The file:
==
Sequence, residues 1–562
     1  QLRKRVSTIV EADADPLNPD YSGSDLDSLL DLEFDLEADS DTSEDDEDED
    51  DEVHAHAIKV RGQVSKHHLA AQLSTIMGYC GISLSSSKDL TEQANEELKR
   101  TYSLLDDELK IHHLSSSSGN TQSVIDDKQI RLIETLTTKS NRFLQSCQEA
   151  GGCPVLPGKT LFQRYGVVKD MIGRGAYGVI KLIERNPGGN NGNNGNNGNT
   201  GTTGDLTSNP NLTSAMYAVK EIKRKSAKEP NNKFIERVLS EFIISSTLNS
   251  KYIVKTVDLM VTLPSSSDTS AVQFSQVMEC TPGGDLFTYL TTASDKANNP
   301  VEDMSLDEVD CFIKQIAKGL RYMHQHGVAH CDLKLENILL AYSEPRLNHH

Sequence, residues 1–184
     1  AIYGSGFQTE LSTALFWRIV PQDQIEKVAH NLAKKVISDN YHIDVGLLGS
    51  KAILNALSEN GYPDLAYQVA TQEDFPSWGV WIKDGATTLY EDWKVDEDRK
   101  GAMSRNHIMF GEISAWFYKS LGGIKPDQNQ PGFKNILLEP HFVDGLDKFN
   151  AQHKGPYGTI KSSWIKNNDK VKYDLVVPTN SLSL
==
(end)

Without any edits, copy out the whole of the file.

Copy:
Sequence, residues 1–562
     1  QLRKRVSTIV EADADPLNPD YSGSDLDSLL DLEFDLEADS DTSEDDEDED
    51  DEVHAHAIKV RGQVSKHHLA AQLSTIMGYC GISLSSSKDL TEQANEELKR
   101  TYSLLDDELK IHHLSSSSGN TQSVIDDKQI RLIETLTTKS NRFLQSCQEA
   151  GGCPVLPGKT LFQRYGVVKD MIGRGAYGVI KLIERNPGGN NGNNGNNGNT
   201  GTTGDLTSNP NLTSAMYAVK EIKRKSAKEP NNKFIERVLS EFIISSTLNS
   251  KYIVKTVDLM VTLPSSSDTS AVQFSQVMEC TPGGDLFTYL TTASDKANNP
   301  VEDMSLDEVD CFIKQIAKGL RYMHQHGVAH CDLKLENILL AYSEPRLNHH

Sequence, residues 1–184
     1  AIYGSGFQTE LSTALFWRIV PQDQIEKVAH NLAKKVISDN YHIDVGLLGS
    51  KAILNALSEN GYPDLAYQVA TQEDFPSWGV WIKDGATTLY EDWKVDEDRK
   101  GAMSRNHIMF GEISAWFYKS LGGIKPDQNQ PGFKNILLEP HFVDGLDKFN
   151  AQHKGPYGTI KSSWIKNNDK VKYDLVVPTN SLSL